Saturday, September 7, 2013

Update on the Altar Cloth; Layering Interactions

The little altar cloth, inspired by Grace as a way to remember an event I discussed a few weeks ago. I realize I've made no notes about how it has progressed, haven't really been putting it into words. So I am making a stab at it here.

I have a lot of 'masters' here; plans, frameworks, ideas, thoughts that determine each step. Plots, I suppose. One is the kasaya or kesa or okesa, a ritual garment worn by Buddhists. In its ideal form (which is sometimes also it's literal form) it is a whole cloth made of collected, washed and assembled rags. It is also commonly assembled of sumptuous cloth, brocaded silks, damask. Sometimes sedately coloured cotton or linen. As long as it is built in a patchwork, following a fixed pattern, it can become a proper garment. So I collected a bundle of the smallest scraps of found cloth.

The basic idea of composing something from rags of course appeals to me. The idea of a pattern to fit these into adds something I need for this. The plot, a kind of pattern, drives the composition. The pattern I settled on, below, is to build nine sections, three by three. The process then is to fill three large panels diagonally from top left to bottom right, where the centre panel is the bird, her nest and a bee; the corners on the left bottom and right top are made up of small patches. The panels on either side of and above and below the centre panel are bars.

I wanted the little story of the bird, her nest, the compassion of her helpers, at the centre, because it is a singularly important moment. But I also wanted this piece to fit within, to be as much a part as each other part. The logic of the kesa, of a fixed plot which brings singular parts together, helps me. This singular story belongs within a story of building a life and understanding in relation. In interactions, experience. Within context. And from there, once I had started working on this cross shape, I started to fill in the other fields. Some of them with little, tiny bits of cloth.

And just as soon as I was filling up these sections, maintaining their boundaries, I didn't like it. So I started to let these filled in spots start to leak, extend beyond those boundaries. Here these impossibly small printed leaves flicker out of a piece of blue cotton into a white section.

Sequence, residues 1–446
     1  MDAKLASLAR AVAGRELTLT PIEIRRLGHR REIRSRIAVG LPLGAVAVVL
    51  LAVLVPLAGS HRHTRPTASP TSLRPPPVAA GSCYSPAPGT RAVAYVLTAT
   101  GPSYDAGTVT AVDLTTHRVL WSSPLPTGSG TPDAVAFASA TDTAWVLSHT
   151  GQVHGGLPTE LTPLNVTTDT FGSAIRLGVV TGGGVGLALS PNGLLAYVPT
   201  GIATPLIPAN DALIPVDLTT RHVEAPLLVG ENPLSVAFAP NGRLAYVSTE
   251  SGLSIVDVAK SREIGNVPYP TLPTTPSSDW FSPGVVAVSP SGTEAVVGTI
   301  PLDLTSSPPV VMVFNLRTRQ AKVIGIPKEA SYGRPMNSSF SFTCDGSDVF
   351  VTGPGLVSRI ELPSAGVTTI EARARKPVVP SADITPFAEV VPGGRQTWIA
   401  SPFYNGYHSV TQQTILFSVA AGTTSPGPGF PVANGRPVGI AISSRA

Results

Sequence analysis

I'm responding to the shapes of the tiniest scraps.

I'm responding to things that are already falling apart, but also coming together. So now I've collected these little scraps of abrasion and wear.

These are things that show interactions, with wind, rain, sunshine. With insects and roots.

With objects the cloth was lost with, or that was on the ground where it was discarded.
 Below is the bottom of the lining of a pair of pants, where stitches in the hem left wear, and where the back of the cuff dragged on the ground.
 This is from the same piece, at the knee. So maybe this is a record of a skinned knee.

Friday, September 6, 2013

Dying Experiments: Pattern and Chaos

Following up on Grace's experiments with dying, and inspired by her use of a tin can which made this magnificent mark, I went looking for a tin can. From a distance of a few feet, in the evening light, under a tarmac-locked black walnut tree, this thing looked like a tin can.

It wasn't a tin can, it was whatever this is, heavy, threaded on the inside. I suppose it is a coupling of some kind. But for what and from where I just can't imagine. Since it was what I found, when looking, I decided to try to use it. So I wrapped it with a 6" x 36" strip of second hand linen, pleated until it was just long enough to cover the outside of the coupling. I dyed it with a fresh walnut dye pot, made in a small (4 cup) crock pot.


And it made this mark:

A beautiful mark, what I just at first welcomed as a kind of happy accident. But a comment from Heather on my last post here made me notice that it wasn't just an accident. Yes, I didn't know it was going to look like x-rays of teeth (?) when I prepared the cloth. But I did plan something of it, pleating, tying. A ha. So I keep making them. I'm up to five, two on linen, two on what I think is unbleached diaper cloth, one on part of an old tea towel:

They are weirdly similar to each other, but also quite unique. Each bundle was tied differently, of course, a kind of randomness.

Each one I tied in the same fashion, but not in the same places or the same ways. Each set of pleats was uncounted, just enough to shorten the cloth, make a stack of pleats I could handle easily enough to tie.

The dye in the pot changes a bit each time, as well, as it interacts with the iron coupling. Today when I dropped in a bundle there was a crystalline rind on the top of the pot. The pot dyes some parts of the cloth black, some parts are still brown.

And so. It occurs to me that there are interactions here, between me and the 'stuff'- the walnuts, the water, the heat source, the metal thing-  and among those things themselves. These interactions aren't unknown, I could even investigate each further. These interactions are possibly not uncontrollable, but can I just let them be uncontrolled? There is something in the 'unknown' that I want to hang on to now, for now.

So that's the update; I am thinking about these uncontrolled interactions as productive. Thank you for stopping by.